Of all the battles he was personally engaged in he lost only one battle in the 1813 campaign, he won all the others. I don't understand why that would classify as overall poor. I don't assume we blame Napoleon for the mistakes made by MacDonald at Katzbach. His forces were roughly equal to the Prussian army and it is not as if he sent his subordinates on impossible tasks in general. Taking his inferior and outnumbered cavalry into regard you cannot blame him for taking a defensive posture around the Elbe. It seems his strategy of preventing the coalition from combining, by giving Oudinot and MacDonald the tasks of checking the Prussians and Swedes, was a pretty logical one to take. All he had to do was to strike decisive blows at Schwarzenberg whom he didn't have in high regard. Dresden nearly proved this plan would work. Your criticism would probably be that he shouldn't have tried to defend Germany in general and retreat to more solid frontiers behind the Rhine, but that neglects the fact that by doing so Napoleon would have to abandon all his German satelites. How strong would his diplomatic position be after that? How would he convince his German troops to still be fighting for him?"In general he was very poor" I do not say or iomply he was univerally poor at all time in the campaign. I woudl say despite some good moments and Dresden was a Brilliant victory as I said, he overall performance was poor.
Not as many as often has been made out, Petrie (page 15) gives not more than 75,000 new conscripts, Petrie gives a detailed dicsuion of what Napoleo'n army of 1813 consisted of. The Russian were battlef harddned in teh first phase of the campaign, in the second half large amnounts of the resevre army and militia were intergreated into the army, about half the Russian troops in the second half of the campaign after the truce. At least half the Austrians army was recnet conscipts as was the Prussians. There was not a huge differential in quality
Faulire to carry out basic scouting a recurring failure of the French army. 180,000 don;t just slip away unless you are being very lax.
4:1 depends whose figures you take, I would sugguest the rigires are more like 3:1, but as I have said a Brilliant Victory.
Following up Battle sis an importnat skill one which Napoleon failed to do pretty repeatedly , even Austrelitz the pursiant went the wrong way.
You want to cherry pick history to only the incidents that show Napoleon favorable light?
With regards to quality. The French did not only have a lot of new conscripts, for even 75.000 I find quite a large number (though I have read higher estimates), but a lot of his forces were also garrison troops and allies who weren't always reliable. On top of that, and this is really important to point out, his cavalry was massively inferior. I believe Lieven argued this as well. A lot of the quality horses had been spent in Russia and on top of that training an efficient cavalry in the short run is no easy tasks.
You really think a military genius like Napoleon would let 180.000 men slip without a pretty solid reason? You know how hard it is, even for a victorious army, to mount a proper persuit in difficult weather and terrain. Or do you judge the Russians the same way for letting Napoleon slip across the Berezina? Cause if you do then fair enough. But to just argue, he was lax is way to easy. There were many others factors at play. And I know you don't give this much credit, but there are sources that argue that Napoleon caught an illness after the battle. Without his strong centralized command a proper persuit was a lot harder to organize. On top of that he was distracted by the new of the disasters at Katzbach and Grossbeeren which made his situation more precarious as well. In Lieven's Russia vs Napoleon it also states that Napoleon might not have known about the narrow passes behind Ertz mountains. This may also have had to do with the lack of proper reconnaisance the French could now perform.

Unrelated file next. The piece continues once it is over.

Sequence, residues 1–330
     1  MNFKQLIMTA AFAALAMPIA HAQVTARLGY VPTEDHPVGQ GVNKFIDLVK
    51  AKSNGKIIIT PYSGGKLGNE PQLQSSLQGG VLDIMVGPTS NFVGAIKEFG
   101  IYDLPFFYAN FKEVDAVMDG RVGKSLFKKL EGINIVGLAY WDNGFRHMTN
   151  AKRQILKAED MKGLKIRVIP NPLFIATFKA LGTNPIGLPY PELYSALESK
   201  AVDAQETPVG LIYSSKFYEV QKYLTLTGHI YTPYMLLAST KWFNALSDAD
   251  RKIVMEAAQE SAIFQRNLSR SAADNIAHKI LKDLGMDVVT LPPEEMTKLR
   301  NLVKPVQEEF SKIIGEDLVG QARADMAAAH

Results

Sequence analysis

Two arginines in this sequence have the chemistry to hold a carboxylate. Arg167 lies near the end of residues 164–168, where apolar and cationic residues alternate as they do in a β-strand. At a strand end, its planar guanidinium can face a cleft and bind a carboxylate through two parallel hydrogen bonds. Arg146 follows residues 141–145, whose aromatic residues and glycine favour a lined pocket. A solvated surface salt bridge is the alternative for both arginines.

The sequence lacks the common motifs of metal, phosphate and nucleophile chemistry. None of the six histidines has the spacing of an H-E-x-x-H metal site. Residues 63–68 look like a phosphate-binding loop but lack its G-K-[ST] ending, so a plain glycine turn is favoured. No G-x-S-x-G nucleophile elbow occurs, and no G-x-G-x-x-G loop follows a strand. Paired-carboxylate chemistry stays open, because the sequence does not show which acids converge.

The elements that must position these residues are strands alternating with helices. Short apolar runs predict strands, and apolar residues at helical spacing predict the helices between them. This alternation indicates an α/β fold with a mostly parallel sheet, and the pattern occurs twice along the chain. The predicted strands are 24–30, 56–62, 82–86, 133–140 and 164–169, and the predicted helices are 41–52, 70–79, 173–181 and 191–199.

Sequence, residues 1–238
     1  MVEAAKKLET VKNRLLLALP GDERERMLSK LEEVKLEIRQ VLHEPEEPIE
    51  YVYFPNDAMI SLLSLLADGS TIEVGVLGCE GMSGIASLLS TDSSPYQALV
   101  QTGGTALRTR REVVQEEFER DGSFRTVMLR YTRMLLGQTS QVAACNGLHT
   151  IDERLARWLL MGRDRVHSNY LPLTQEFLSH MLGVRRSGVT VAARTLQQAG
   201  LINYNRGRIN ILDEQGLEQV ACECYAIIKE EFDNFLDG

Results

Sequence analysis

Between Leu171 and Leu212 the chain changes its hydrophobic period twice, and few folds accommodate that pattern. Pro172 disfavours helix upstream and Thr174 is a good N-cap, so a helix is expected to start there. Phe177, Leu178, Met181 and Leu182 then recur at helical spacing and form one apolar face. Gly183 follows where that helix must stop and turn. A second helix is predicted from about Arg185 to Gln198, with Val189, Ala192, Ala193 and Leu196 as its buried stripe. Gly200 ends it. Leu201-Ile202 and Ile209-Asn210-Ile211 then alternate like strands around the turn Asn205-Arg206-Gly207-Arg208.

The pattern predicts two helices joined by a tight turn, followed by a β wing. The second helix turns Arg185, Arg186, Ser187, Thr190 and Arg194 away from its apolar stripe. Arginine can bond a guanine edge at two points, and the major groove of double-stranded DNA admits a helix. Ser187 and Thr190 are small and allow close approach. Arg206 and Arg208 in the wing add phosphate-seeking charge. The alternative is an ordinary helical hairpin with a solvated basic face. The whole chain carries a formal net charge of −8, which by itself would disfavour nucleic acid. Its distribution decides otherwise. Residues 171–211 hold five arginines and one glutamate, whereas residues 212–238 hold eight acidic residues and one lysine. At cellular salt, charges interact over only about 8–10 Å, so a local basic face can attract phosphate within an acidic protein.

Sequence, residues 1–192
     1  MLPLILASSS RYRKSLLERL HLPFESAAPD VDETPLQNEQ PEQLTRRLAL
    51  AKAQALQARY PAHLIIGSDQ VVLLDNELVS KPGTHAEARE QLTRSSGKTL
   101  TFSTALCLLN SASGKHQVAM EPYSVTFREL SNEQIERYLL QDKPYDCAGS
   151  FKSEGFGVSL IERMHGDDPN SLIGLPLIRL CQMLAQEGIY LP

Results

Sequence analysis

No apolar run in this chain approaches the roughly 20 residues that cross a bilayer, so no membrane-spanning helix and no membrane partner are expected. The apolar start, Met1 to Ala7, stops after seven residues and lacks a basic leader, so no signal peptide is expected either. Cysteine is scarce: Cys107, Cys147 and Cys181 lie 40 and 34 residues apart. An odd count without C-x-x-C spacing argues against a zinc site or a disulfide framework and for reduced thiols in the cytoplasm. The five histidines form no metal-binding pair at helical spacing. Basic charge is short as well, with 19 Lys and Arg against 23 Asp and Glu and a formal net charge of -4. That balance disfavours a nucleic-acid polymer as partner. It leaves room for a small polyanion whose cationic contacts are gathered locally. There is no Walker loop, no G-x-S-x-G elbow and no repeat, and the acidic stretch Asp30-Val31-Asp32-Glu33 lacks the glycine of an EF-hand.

At Austerlitz he crushed a lot of Russian forces with his mobile artillery in the aftermath of the battle. In any case the Austrians were spent and the Russians on the retreat. He had achieved his political goal after the battle.
You call it cherry picking, I call it taking a different approach then how I did before in debates surrounding this topic. I remember very vividly that I took quite a balanced approach in previous debates. I felt I was compromising, but I never really felt like that favour was returned by staunch Napoleon-revisionists. For example I remember quite well how I criticized Napoleon for leaving to many of his capable commanders and men in obsolete forts, how he should have appointed commanders in a better way, how he should have exploited his interior lines better etc etc. What did I get in return? Well: 'Yes all that and a lot more negative stuff that he did'. If we follow your logic then Napoleon stubmled into victory at Austerlitz by a combination of luck and capable subordinates. You cherry pick statistics how the allied numbers were a lot lower and simply dismiss opposite numbers as Bonapartist propaganda, how Napoleon was lucky that the allies even gave battle at all, how his commanders basically did all the work during the battle and how he apparantly made more mistakes after the battle. Does Napoleon get any credit at all for the battle that most historians still classify as his crowning achievement? Didn't you also argue that Ulm was just an accident or something like that? That might have been someone else, it has been some time since we had these old debates.